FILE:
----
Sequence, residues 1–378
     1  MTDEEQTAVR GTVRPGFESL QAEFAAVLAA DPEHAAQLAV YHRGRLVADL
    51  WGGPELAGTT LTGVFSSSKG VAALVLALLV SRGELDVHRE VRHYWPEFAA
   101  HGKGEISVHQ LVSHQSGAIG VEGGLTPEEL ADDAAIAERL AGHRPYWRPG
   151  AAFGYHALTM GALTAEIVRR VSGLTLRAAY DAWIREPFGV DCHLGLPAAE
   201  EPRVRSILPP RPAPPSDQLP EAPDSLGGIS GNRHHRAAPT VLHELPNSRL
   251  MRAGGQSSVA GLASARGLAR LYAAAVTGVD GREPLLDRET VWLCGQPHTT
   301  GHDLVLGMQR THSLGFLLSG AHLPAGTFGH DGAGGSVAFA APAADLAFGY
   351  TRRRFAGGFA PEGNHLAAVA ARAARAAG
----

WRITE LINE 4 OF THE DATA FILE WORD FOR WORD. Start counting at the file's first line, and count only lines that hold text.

   101  HGKGEISVHQ LVSHQSGAIG VEGGLTPEEL ADDAAIAERL AGHRPYWRPG